https://www.pinterest.com/rod_raglin/rod-raglins-reviews-cover-art/

My new novels, FOREST – Love, Loss, Legend and The BIG PICTURE – A Camera, A Young Woman, An Uncompromising Ethic are available on Amazon http://www.amazon.com/-/e/B003DS6LEU and as e-books at https://www.smashwords.com/profile/view/raglin

Visit my publisher’s website for excerpts from, and a buy link to my Eco-Fi series ECO-WARRIORS Book 3, Not Wonder More – Mad Maggie and the Mystery of the Ancients http://www.devinedestinies.com/?route=product%2Fauthor&author_id=92

ECO-WARRIOR Book 1, Saving Spirit Bear is available at http://www.amazon.com/-/e/B003DS6LEU

ECO-WARRIOR Book 2, Loving the Terrorist – Beyond Eagleridge Bluffs is now available as in paperback at

http://www.amazon.com/author/rodraglin

More of my original photographs can be viewed, purchased, and shipped to you as GREETING CARDS; matted, laminated, mounted, framed, or canvas PRINTS; and POSTERS. Go to: http://www.redbubble.com/people/rodraglin

View my flickr photostream at https://www.flickr.com/photos/78791029@N04/

Or, My YouTube channel if you prefer photo videos accompanied by classical music

https://www.youtube.com/channel/UCsQVBxJZ7eXkvZmxCm2wRYA

Advertisements

MauveIndigo_IMG_0075 copyI wrote this article about two years ago when I was trying to come to grips with success – more specifically, the lack of it. Not much has changed.

I thought I’d offer it up again for consideration and for those who seem to think “I’m only in it for the money” (what money?). Money/sales is the benchmark I use to measure my success. This article explains why.

Creativity is subjective. “I don’t know much about art, but I know what I like” – could be applied to a Bateman masterpiece or a black velvet reproduction from Walmart. This overused adage also applies to literature. It’s an excuse for a multitude of sins including a distinct lack of artistic ability as well as just plain bad taste.

So how does one decide whether their creation has any artistic merit? For me, if it don’t sell, it ain’t good.

Of course I to put it out there. I’ve offered my photographs to the public through various venues including retail stores, websites, flea markets, Craig’s List, and most recently stock photo sites – you name it, I’ve tried it.  My writing’s been sent off to agents, publishers, magazines, newspapers as well as posting it on various websites and now self-publishing.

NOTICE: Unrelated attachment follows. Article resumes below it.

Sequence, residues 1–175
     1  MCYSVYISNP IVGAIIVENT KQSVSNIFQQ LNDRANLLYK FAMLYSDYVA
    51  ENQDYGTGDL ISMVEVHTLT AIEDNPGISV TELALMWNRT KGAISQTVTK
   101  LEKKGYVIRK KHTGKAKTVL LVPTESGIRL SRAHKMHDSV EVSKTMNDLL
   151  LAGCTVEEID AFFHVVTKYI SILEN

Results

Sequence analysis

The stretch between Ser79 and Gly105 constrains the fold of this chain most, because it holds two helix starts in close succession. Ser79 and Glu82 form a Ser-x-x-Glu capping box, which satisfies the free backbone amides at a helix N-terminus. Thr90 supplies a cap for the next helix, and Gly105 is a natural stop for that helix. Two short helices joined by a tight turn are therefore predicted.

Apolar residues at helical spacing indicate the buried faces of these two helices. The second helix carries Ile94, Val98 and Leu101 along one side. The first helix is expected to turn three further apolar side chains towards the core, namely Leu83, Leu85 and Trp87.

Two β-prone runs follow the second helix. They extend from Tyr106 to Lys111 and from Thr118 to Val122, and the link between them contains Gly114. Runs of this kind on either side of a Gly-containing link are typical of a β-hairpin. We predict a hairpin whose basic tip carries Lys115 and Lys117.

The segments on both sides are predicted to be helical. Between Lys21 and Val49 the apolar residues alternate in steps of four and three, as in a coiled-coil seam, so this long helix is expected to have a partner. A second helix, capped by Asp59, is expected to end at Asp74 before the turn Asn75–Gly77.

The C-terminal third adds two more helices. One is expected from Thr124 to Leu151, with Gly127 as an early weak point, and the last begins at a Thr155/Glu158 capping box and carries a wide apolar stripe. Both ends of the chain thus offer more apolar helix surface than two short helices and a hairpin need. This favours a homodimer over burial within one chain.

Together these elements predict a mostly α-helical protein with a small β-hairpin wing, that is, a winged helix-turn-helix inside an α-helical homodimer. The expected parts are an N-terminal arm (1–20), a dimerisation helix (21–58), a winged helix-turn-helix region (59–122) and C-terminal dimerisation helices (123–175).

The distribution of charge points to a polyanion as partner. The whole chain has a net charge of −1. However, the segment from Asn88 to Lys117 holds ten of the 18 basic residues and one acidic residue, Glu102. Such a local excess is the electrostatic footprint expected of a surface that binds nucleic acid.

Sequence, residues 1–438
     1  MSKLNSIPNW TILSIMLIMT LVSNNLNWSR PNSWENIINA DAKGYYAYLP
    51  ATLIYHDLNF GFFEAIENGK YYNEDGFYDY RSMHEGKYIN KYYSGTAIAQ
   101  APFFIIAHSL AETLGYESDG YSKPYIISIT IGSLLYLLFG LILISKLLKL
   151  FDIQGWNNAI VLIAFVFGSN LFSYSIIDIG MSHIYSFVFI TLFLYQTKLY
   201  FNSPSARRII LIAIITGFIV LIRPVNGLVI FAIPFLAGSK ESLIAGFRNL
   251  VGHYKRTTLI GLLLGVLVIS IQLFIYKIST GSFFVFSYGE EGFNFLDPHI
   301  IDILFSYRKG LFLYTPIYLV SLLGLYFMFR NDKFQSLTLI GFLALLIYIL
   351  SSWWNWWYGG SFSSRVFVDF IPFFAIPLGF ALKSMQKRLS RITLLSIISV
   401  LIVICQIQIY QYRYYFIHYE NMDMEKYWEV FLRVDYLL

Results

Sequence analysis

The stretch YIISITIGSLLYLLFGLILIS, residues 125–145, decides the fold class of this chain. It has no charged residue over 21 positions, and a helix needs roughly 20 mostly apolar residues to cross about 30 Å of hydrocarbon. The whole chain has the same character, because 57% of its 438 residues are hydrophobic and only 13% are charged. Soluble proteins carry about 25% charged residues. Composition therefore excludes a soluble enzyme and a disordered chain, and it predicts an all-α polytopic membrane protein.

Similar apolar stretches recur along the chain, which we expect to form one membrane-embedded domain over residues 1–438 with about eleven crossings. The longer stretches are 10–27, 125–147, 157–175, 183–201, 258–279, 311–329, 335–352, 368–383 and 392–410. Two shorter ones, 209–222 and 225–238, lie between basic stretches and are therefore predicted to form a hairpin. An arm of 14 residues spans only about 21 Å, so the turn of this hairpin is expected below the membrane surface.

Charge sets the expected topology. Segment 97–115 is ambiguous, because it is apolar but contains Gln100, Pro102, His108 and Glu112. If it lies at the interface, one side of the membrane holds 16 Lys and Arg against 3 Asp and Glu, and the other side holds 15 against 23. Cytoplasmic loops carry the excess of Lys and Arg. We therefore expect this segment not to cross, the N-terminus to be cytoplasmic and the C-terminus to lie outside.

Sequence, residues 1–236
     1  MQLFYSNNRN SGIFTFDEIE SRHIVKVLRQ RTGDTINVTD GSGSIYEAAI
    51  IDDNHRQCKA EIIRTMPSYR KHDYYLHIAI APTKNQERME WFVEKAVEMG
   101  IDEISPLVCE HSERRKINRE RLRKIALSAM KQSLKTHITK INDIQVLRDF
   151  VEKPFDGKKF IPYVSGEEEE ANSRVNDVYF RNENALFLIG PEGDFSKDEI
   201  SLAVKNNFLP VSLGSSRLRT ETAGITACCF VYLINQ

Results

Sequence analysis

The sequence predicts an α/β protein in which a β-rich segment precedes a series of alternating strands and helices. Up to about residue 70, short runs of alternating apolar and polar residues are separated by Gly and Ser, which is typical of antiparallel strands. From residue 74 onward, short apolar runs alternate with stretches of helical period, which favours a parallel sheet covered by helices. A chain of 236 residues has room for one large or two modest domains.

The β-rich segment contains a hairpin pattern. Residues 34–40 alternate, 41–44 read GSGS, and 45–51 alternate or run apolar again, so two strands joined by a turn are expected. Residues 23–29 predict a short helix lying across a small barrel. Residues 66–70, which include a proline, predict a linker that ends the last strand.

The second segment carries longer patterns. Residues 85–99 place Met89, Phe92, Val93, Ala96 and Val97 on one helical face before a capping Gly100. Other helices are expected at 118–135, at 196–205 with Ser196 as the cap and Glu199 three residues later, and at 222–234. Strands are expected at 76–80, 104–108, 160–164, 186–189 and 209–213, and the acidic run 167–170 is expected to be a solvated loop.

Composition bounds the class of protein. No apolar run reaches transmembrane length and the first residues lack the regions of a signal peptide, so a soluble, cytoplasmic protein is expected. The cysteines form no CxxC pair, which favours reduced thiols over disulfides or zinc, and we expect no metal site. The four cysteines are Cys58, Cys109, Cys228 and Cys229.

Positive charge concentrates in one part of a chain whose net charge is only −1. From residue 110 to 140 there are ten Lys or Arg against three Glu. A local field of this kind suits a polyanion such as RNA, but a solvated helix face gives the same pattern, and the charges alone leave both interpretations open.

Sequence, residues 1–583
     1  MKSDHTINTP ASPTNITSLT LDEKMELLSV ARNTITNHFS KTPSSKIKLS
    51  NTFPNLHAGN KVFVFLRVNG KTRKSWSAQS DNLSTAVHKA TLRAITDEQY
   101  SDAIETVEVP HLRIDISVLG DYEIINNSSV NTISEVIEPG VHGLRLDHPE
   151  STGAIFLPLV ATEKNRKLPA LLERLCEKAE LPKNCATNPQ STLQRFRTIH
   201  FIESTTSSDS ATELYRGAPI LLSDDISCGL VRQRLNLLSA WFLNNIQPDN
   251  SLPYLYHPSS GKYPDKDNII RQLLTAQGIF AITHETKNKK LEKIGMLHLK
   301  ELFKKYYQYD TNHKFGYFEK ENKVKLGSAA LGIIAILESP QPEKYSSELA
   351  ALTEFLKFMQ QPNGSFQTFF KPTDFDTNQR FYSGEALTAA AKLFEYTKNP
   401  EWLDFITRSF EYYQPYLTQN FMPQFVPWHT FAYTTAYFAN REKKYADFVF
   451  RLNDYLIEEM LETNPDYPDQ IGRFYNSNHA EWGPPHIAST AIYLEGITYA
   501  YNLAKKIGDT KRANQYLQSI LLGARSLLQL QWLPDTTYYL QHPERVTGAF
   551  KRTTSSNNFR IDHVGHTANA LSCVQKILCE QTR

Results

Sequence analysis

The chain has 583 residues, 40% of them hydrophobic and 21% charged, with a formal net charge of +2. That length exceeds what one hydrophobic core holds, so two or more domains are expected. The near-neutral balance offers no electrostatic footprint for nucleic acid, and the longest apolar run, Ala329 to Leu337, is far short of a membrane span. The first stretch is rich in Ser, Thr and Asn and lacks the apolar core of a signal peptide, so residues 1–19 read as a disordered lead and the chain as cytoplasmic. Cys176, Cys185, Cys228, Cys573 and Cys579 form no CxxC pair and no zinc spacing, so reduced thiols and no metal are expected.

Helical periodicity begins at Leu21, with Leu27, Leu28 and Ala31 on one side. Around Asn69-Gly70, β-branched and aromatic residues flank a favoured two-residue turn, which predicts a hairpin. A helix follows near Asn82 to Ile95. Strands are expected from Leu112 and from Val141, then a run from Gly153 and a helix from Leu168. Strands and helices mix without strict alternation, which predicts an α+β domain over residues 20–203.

Then I wait.

How long I wait depends on how patient or delusional I am, or both, at any given time. If nothing happens I may withdraw, I may persevere. I use to call it a “learning experience”, but now I understand that phrase as a euphemism for failure.

I’ve rationalize my lack of success with all manner of excuses – I’m ahead of my time; misunderstood; not commercial enough (a good thing?); the economy is in the dumps; the weather was rotten; the stars were misaligned; or, like Van Gogh, who only sold one painting in his entire life, my genius will be appreciated once I’m gone.

Six new photographs of mine were recently shown at The Metro Theatre Lounge Gallery. Theatre-goers could view my work prior to the show and at intermission for the entire run of seventeen performances. The Metro is a good venue. People who attend are inclined to the arts and have the time to take a look, unlike a coffee bar gallery where all you want is to get your latte and leave. The box office for that production was 1621 and I would imagine at least 1,000 patrons visited the lounge at least once.

There were no sales, nor any enquiries regarding my photographs. According to my own philosophy, there’s only one conclusion.

The reason I take this uncompromising approach to my work is so I’ll continue to strive to improve. When I look at my first public offerings, in either photography or writing, they were so awful I cringe even now as I think about them. Had I continued to assign any of the above excuses to the lack of response to these works I wouldn’t have attained what little success I have.

I’m still determined to create something good enough to overcome all the obstacles – real or imagined. What I lack in creativity I hope to make up in part with perseverance and the ability to learn from past mistakes and failures. There’s no shortage to draw from.

Until then, I can appreciate (and marvel at) the success of others while I keep honing my craft and perfecting my eye. It’s not about money. It’s about my passion for what I do and recognition from my contemporaries whom I respect.

Nietzsche said, “Art is the proper task of life…”,  and that may very well be the case, whether it sells or not.

Stay calm, be brave, watch for the signs

 

30

SPECIAL PRE-0RDER PRICE NOW AVAILABLE

Saving Spirit Bear – 99¢ if ordered before November 8, 2015